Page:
Uncovering Shakespeare

There’s a BBC Four series from last summer, Uncovering Shakespeare; I saw the first two episodes last night, Macbeth first and The Comedies/Shakespeare’s Women second, which is the opposite of the order of broadcast.

I thought the Macbeth wasn’t very good. It was way too heavy on “interesting” but totally irrelevant visuals – lots of New York streets packed with cars, for instance; wut? – and way too light on the words. Not enough discussion of the words, not enough saying of them, not enough clips of actors saying them, pretty much no discussion at all of the way the words do the work. On the other hand there were some clips, and the discussion wasn’t actually boring, so I enjoyed watching it, but I wished it had been better.

But the next one was good. Joely Richardson was the presenter, and she knows her Shakespeare (and his words) a lot better than Ethan Hawke (who presented the Macbeth one) does.

And it was on a subject I’m very keen on, which is how astonishing it is that Shakespeare did so much with women characters when that wasn’t the norm at all (and still isn’t, not to the extent that he did it) and when he had only boys to play the parts. Yeah. They talked mostly about Twelfth Night and As You Like It. There was a lot of conversation with Vanessa Redgrave, sitting opposite Joely Richardson on a couch. JR’s voice is so like VR’s it’s almost funny.

Neither episode, though, can hold a candle to Playing Shakespeare, the nine part series directed by John Barton in which actors – Judi Dench, Ian McKellen, Ben Kingsley, Patrick Stewart, Peggy Ashcroft, David Suchet, Harriet Walter, Alan Howard, and others – and Barton discuss the language in detail, and perform bits of scenes. It’s enthralling and illuminating (and regulars with acute memories will remember that I’ve talked about it before). It’s on DVD; the library has it. What’s taken me so long?!


  1. Cuttlefish says

    I found it interesting that a program on Shakespeare’s women had, if memory serves, just one passing mention of Portia, and none of Lady MacBeth. I actually liked that, though; I’ve seen those women featured in other shows and books, so it was good to see a different take.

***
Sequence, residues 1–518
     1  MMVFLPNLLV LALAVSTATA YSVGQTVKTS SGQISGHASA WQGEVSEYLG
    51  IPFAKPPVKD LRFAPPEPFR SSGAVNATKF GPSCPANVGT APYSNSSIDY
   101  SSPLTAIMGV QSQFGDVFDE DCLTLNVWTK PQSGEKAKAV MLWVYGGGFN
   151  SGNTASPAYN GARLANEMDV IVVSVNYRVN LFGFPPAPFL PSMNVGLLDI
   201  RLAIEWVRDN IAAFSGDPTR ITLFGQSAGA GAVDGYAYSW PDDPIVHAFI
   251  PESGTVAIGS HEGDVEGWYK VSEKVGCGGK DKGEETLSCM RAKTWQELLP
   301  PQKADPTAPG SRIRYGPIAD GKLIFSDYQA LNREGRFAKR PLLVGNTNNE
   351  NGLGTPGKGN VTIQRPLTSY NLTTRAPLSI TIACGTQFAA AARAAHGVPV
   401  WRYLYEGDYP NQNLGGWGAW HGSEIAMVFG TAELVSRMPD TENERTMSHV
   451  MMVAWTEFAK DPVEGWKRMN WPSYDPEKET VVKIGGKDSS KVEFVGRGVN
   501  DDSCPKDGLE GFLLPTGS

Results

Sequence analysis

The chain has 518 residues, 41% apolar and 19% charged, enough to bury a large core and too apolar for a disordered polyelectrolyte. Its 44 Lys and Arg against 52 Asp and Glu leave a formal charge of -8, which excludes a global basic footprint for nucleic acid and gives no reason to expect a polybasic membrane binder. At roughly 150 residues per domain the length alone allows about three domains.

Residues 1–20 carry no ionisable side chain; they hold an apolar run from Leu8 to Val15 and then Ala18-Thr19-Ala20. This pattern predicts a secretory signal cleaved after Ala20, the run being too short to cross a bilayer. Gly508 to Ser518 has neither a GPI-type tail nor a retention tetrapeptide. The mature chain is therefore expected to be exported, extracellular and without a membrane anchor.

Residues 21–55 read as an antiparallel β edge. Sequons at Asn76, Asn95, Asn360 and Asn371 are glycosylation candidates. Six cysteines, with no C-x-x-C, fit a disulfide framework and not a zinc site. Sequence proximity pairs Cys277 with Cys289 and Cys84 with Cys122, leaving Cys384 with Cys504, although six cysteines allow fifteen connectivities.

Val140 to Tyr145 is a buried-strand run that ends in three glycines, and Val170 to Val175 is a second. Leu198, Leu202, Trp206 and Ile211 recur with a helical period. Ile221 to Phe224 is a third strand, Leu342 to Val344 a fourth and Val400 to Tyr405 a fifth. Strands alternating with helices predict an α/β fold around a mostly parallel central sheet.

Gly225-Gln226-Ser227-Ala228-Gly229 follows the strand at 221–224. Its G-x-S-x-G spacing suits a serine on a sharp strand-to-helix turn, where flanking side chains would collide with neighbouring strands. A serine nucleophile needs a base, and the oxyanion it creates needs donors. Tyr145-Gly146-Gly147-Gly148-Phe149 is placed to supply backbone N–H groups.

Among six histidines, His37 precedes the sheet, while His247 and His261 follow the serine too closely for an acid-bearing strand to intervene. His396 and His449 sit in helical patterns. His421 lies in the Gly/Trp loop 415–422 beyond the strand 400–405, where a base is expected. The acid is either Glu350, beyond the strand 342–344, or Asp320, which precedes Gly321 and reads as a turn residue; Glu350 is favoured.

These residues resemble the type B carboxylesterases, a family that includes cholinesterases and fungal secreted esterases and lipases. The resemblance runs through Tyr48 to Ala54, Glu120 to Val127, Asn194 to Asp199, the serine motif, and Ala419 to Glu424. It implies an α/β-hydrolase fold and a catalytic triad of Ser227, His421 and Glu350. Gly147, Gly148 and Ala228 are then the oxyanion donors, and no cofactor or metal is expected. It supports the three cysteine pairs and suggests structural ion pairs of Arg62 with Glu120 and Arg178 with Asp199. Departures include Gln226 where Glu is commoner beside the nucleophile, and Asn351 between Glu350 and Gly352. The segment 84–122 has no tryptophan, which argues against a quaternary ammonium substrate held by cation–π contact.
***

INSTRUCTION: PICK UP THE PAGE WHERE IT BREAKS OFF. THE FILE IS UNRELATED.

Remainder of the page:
2. InvincibleIronyMan says

    I didn’t know you were a Shakespere lover, but with a name like Ophelia I suppose it was inevitable. I like you even more now! My favorite female part in Shakespeare is Emilia. If you haven’t Zoe Wanamaker is magnificent in Trevor Nunn’s production with Willard White and Ian McKellen

  3. says

    You’d think, but actually the name isn’t relevant. I wasn’t always a Shakespeare lover but I rectified the error before it was too late. I haven’t seen that production. Funny though, I was just talking about Zoe Wanamaker yesterday on Twitter.

  4. Rodney Nelson says

    Beatrice in Much Ado About Nothing is one of my favorite Shakespearean characters. She knows her own mind and isn’t going to let anyone push her around. She’s a stronger character than her lover, Benedict.

  5. susans says

    Walking, walking, walking, they kept walking and I thought, less walking and more Shakespeare.

  6. Didaktylos says

    You do know that Joely Richardson is Vanessa Redgrave’s daughter? As I recall, one of Ricardson’s first film roles was in Wetherby where she and her mother played the same character at different stages of life.

  7. sailor1031 says

    “…how astonishing it is that Shakespeare did so much with women characters…”

    Well, there was a very strong female role-model reigning at the time and Shakespeare, as Don Marquis points out, was quite shameless about throwing in compliments to the queen in particular and the tudors in general…

  8. says

    Yes, I know JR is VR’s daughter! I know the whole complicated family tree, I think, although I suppose it’s possible there are a few stray cousins I’m not aware of. JR includes the family heritage as part of her presentation – standing in the Old Vic she notes that her grandfather and Laurence Olivier did Hamlet there in 1937, Mike playing Laertes, and one night at curtain call Larry informed the audience of the birth of a new actor the same evening. That was Vanessa.

    “Less walking and more Shakespeare” – indeed. It’s kind of insulting to have so much pointless “visual” stuff at the expense of content, as if we were too stupid to watch without being soothed by pretty pictures.

  9. jflcroft says

    Playing Shakespeare is wonderful. One of my best memories from Cambridge is being directed by John Barton in a student production during a few rehearsals. Cool guy – was never without a little brown bag of liquor.

  10. says

    Any favorites from Playing Shakespeare, James? Some of mine –

    Peggy Ashcroft saying, “Perchance, Iago, I shall ne’er go home.”

    McKellen and Suchet doing the Justice Shadow/Falstaff bit, with McKellen pouring on the creaky wavery ancient voice, and afterward Barton saying, delicately, “You were so old…” and everyone cracking up.

    Alan Howard doing Achilles telling off Ulysses from T&C – “Thou, Ulysses, thou!” Goose bumps. That voice.

    Patrick Stewart doing Leontes. “Inch thick, knee deep, o’er head and ears a fork’d one!”

    Suchet and Stewart doing comparative Shylocks.

    Kingsley and I forget who else doing the opening lines of A&C, then Kingsley saying the words are like a hypodermic straight to the arm.

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